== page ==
Analysis of New EB-5 Reform and Integrity Act of 2022

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On March 15, 2022, the United States enacted the EB-5 Reform and Integrity Act of 2022 (the 2022 Act) as part of a large omnibus budget package of legislation. The 39-page compromise legislation grandfathers existing workers and re-starts the regional center program for new investments with meaningful changes and some confusion. It has major implications for existing and future investors, regional centers, developers, and promoters.

"Grandfathering." The 2022 Act preserves the eligibility of all pre-enactment investors as of the time they filed their I-526, for both I-526 and I-829 adjudication. The immediate repeal of the prior regional center (RC) law does not prevent adjudication and visa allocation for pre-investment RC investors. This should "moot" pending litigation about the "lapse" of prior law.

Investment Amounts. For all new filings, the minimum investment is $800,000 in a Targeted Employment Area (TEA), either rural (same definition as before, but now they receive priority in USCIS processing) or high unemployment (using narrower "bulls eye" definition from the 2019 regulations). The $800,000 amount can also be used in "infrastructure projects" in which a government entity contracts for EB-5 financing to develop public works (something like a private municipal bond deal) even if not located in a TEA. High unemployment TEAs are determined only by USCIS and are valid for two years from project request filing, renewable in two-year increments. Otherwise, the minimum is $1,050,000 (a $250K spread). Amounts increase with inflation every five years.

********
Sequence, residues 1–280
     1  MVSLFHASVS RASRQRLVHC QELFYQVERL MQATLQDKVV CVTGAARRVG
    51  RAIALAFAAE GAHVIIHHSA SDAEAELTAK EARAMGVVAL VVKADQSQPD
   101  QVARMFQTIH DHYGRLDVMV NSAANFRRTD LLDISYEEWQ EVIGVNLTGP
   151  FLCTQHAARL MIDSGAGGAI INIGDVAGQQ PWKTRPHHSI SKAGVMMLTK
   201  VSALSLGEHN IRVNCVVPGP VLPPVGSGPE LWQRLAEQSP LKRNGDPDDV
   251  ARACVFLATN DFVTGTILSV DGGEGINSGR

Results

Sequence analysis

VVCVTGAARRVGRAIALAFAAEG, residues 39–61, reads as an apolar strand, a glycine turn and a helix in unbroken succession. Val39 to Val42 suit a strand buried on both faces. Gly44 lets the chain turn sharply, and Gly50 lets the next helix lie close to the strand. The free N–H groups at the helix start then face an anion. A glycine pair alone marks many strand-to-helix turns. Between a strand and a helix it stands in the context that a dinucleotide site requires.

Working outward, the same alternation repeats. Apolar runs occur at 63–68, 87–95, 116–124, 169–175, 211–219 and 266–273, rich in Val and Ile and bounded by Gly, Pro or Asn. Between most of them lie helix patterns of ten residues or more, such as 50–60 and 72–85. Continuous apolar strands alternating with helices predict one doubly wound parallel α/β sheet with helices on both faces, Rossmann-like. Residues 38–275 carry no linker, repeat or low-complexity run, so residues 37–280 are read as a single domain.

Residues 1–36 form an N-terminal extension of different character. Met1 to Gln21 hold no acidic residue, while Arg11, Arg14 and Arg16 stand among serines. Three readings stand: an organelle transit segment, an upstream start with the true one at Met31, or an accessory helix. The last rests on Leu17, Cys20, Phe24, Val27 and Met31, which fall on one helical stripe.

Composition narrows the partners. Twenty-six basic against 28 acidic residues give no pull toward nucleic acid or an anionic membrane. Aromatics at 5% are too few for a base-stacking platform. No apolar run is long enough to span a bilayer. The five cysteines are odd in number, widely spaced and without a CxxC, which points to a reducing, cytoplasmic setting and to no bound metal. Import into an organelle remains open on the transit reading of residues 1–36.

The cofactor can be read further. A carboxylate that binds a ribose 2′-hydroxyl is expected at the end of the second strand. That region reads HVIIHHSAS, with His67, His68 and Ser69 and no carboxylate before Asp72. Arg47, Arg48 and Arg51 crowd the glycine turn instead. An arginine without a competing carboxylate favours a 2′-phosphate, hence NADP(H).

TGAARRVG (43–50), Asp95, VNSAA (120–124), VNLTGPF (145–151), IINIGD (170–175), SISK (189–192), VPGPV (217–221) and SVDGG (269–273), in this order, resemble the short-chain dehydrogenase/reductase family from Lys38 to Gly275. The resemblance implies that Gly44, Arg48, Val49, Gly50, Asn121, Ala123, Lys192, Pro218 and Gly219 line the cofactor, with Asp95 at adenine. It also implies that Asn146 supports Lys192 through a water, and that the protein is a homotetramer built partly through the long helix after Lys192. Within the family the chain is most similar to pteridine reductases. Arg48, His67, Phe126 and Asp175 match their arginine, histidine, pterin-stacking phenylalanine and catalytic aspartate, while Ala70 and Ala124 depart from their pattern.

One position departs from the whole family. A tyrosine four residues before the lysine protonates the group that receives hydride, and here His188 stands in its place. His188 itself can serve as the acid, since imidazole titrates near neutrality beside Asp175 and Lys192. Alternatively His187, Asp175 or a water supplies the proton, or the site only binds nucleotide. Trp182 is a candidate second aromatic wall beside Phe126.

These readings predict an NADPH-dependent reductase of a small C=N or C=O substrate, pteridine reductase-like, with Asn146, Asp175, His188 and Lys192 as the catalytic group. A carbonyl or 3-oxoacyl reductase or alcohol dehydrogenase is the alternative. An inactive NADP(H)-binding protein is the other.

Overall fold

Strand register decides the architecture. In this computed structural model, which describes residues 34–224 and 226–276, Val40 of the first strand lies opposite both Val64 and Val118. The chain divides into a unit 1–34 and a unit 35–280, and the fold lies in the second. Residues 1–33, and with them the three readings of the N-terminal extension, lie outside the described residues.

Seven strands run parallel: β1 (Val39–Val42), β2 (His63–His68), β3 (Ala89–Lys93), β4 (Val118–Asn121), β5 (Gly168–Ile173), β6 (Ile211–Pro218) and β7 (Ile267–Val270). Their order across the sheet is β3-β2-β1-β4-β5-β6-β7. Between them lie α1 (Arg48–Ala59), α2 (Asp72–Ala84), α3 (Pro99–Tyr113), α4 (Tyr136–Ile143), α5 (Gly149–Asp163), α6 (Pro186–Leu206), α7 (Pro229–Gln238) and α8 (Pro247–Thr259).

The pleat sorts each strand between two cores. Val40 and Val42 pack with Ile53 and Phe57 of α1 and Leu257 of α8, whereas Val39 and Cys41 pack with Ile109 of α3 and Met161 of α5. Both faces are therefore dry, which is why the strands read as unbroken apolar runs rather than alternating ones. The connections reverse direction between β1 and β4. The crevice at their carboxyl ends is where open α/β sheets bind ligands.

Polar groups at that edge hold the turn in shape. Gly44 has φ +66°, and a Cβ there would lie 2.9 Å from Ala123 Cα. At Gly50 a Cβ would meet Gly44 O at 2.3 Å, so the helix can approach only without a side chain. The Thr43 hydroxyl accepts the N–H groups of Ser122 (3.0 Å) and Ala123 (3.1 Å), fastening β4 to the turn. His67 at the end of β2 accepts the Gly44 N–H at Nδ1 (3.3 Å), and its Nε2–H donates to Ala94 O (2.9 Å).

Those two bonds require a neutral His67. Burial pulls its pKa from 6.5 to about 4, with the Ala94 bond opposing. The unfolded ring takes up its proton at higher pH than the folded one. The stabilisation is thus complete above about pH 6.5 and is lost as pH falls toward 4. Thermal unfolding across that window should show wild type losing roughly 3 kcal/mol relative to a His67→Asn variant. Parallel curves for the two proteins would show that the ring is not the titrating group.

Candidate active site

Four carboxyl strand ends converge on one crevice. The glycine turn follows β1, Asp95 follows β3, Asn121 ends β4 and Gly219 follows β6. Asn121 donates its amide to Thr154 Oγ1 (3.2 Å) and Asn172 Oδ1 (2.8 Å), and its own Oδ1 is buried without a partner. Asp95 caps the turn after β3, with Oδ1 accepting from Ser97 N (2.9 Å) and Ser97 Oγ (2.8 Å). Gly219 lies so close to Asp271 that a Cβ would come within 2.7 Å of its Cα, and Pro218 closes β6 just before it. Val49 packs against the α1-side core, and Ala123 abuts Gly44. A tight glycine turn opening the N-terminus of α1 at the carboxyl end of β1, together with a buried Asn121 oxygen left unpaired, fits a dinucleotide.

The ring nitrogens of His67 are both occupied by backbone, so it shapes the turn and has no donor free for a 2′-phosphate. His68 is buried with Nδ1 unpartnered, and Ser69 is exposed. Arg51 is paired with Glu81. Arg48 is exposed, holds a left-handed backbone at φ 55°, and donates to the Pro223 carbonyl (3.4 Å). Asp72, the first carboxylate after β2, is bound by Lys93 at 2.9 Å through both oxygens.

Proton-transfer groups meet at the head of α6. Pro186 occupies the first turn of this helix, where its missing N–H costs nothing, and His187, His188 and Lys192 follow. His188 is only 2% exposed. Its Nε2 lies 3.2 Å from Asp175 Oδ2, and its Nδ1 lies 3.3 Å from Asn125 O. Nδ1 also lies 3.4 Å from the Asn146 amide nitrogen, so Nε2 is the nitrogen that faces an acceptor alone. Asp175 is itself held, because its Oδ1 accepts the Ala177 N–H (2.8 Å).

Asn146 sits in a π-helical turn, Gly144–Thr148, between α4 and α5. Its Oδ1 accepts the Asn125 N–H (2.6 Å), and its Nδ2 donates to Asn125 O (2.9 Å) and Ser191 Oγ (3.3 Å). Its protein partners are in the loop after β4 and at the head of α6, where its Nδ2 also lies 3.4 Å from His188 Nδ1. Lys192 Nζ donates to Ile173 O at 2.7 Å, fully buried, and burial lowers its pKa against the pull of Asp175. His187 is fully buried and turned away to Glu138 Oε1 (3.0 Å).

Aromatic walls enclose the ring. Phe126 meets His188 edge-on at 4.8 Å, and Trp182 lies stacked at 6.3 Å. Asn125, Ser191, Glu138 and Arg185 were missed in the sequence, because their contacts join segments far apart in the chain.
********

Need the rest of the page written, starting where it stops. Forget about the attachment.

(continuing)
Reserved Visas. As a separate issue from investment amounts, visas are "reserved" each fiscal year: 20% for rural, 10% for high unemployment, and 2% for infrastructure; unused reserves carry over to add to reserves for the next year, but in the third unused year go without reservations. It is expected that the reserves will be allocated only to post-enactment investors, potentially allowing Chinese investors who use it to immigrate within one or two years instead of 10 to 15 years. Investors born in India and Vietnam might also use reserves to avoid visa number waits after I-526 approval. The rural and infrastructure reserves are most likely to attract such investors who might otherwise invest differently. Most other investments are likely to be in high unemployment areas anyway, and how the reserves are allocated depends on how the government will interpret and implement this tricky provision.